Journalists who fled a government crackdown in Turkey and took shelter in Germany held a protest over the weekend on the sidelines of a book fair in Frankfurt in support of their jailed colleagues in Turkey, Bold Medya reported.

The exiled journalists met in Frankfurt on Saturday to attend a protest organized by the International Journalists organization. The demonstration took place in front of the Frankfurt Trade Fair, where the world’s largest event of the publishing industry, the Frankfurt Book Fair, took place between Oct. 16 and 20.

Reading a statement on behalf of the group, journalist Tuba Güven said practices similar to those of the Nazi era in Germany are taking place in Turkey today as the government of President Recep Tayyip Erdoğan has arrested dozens of journalists, burnt hundreds of thousands of books and forced many journalists to live in exile.

Holding posters representing their jailed colleagues in Turkey, the journalists demanded their immediate release, saying they will never forget their imprisoned friends.

“We are exiled journalists who were able to find a refugee boat and managed to flee the Erdoğan regime. Yet, more than 200 journalists and writers are in jail in Turkey now. They were given prison sentences of six years, 10 years, 20 years and even a life sentence. We would like to say here at the Frankfurt Book Fair that our hearts are with them. We have not forgotten you. In your absence, Turkey has become a country producing war. We need you so much. We miss you so much,” Güven said on behalf of the journalists in the area.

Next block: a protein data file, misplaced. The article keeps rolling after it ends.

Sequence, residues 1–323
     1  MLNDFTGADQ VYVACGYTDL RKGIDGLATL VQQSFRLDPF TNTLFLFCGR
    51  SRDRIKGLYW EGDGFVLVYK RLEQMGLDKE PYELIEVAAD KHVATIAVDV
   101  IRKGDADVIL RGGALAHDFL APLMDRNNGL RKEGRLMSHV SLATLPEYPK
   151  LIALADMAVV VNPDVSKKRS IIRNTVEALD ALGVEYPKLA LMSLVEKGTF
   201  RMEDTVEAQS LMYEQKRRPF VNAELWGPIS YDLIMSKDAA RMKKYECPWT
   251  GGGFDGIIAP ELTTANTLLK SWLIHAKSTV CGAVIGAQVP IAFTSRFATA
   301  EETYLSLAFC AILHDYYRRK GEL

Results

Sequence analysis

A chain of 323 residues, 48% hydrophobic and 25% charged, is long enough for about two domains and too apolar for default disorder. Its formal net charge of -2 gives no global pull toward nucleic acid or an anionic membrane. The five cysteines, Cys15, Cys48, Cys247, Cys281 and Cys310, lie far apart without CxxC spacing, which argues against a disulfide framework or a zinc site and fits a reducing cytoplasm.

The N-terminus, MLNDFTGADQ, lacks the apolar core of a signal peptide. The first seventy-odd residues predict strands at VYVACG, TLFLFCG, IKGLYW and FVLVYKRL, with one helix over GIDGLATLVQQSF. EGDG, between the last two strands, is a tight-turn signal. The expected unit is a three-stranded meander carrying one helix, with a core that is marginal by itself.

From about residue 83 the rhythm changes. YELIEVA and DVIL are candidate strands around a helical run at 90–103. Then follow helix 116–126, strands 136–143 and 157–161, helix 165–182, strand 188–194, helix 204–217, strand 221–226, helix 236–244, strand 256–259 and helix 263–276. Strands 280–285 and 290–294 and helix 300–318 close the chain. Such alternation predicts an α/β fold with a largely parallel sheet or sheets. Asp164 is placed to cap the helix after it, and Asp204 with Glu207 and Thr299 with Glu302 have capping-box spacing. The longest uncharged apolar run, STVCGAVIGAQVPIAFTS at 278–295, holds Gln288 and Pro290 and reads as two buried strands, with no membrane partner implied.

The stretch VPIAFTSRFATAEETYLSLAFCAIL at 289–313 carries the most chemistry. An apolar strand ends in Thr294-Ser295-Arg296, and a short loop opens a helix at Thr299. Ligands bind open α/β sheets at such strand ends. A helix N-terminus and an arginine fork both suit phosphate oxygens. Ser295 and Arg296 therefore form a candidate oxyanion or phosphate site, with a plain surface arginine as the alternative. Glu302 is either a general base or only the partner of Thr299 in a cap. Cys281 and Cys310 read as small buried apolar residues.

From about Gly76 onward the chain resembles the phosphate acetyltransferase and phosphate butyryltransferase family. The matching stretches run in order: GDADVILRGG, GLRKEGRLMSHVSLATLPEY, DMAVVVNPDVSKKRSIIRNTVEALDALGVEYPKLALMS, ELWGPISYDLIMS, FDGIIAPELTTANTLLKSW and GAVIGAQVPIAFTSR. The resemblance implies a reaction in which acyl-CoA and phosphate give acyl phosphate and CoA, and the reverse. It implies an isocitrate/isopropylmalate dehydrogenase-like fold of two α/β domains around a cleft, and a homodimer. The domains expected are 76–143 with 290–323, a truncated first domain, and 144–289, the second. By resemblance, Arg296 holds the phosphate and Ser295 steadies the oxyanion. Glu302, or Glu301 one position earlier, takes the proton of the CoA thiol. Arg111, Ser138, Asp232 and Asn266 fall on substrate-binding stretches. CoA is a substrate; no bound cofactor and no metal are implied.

The journalists were referring to an incursion Turkey launched in northern Syria on Oct. 9 against Syrian militant groups.

“We are calling on each and every free individual in the world to show solidarity with the journalists and writers in Turkey who are being held hostage,” she added.

Turkey’s ruling Justice and Development Party (AKP) arrested dozens of critical journalists in the aftermath of a failed coup on July 15, 2016 on terrorism or coup charges under the pretext of an anti-coup fight. Veteran Turkish journalists such as Ahmet Altan and Nazlı Ilıcak have been languishing behind bars for more than three years.

Turkey, where more than 150 journalists and media workers are currently jailed, was ranked 157th among 180 countries in the 2018 World Press Freedom Index released in April by Reporters Without Borders (RSF).